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South Africa

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South Korea

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Spain, a wickerwork pavilion

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Sweden

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Thailand

 

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Tunisia

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United Kingdom, awarded Best Pavilion Design, made up of 60,000 acrylic clear rods embedded with 250,000 plant seeds at the tip that collectively make up this “Seed Cathedral”. See more pictures here.

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United States

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Uzbekistan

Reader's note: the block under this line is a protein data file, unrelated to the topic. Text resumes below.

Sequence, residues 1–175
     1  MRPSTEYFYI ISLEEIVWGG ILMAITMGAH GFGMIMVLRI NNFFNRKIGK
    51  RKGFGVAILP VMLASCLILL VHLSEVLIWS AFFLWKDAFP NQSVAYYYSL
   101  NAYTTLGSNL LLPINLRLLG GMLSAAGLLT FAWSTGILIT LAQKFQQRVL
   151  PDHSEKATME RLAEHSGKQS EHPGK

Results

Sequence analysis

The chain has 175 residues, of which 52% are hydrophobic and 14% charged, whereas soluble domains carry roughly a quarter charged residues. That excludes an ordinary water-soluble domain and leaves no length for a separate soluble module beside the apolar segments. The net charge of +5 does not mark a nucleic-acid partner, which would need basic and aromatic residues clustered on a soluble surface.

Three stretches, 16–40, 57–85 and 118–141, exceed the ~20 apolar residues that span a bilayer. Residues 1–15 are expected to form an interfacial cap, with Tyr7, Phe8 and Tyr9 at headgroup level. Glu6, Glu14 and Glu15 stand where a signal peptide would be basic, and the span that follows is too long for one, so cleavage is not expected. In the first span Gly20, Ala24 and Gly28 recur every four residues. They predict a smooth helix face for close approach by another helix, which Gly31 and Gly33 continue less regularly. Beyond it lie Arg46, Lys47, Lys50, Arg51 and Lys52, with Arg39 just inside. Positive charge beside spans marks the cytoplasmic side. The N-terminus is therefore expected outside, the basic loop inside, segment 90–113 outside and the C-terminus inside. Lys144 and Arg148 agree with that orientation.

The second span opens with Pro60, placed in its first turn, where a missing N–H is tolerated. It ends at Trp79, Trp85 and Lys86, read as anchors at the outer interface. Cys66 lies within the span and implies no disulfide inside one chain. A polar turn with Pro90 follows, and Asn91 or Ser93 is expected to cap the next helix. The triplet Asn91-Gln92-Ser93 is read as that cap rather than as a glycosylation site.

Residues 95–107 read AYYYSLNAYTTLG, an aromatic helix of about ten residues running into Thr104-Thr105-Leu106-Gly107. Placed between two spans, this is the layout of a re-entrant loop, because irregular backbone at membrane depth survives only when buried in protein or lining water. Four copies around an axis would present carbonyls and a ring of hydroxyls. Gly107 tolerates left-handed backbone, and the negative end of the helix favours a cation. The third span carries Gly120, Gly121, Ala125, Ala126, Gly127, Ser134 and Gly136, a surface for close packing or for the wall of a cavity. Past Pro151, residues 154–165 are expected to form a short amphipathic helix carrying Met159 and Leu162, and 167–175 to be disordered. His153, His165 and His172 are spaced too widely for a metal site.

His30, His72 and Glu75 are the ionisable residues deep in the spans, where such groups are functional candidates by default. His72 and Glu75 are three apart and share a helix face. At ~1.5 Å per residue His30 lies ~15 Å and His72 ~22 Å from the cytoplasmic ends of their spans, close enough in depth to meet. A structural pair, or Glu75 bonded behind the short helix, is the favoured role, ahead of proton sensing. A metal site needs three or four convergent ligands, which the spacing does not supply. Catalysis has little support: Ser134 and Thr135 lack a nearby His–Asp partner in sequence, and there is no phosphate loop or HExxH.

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Venezuela

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Vietnam

These are some other attractions along the expo boulevard or other pavilions whose names I have now forgotten that are worth showing here:

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One of the many thought-provoking depictions along the expo streets

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I don’t remember the name of this pavilion but it looked like an orchidarium or a butterfly pavilion with that enormous net draping overall

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a 360-degree display of hot air balloons inside makes this pavilion hypnotising

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an exhibit of recycled electronics

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this exhibit inside one of the pavilions needs one to look up

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even the open areas are elaborately designed!

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a spaceship-looking Performance Centre building

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the sun sets at the expo

Join the conversation! 2 Comments

  1. Wow what a gallery of pics, outstanding! Makes me almost feel like I was there too.
    Marianne

    Like

    Reply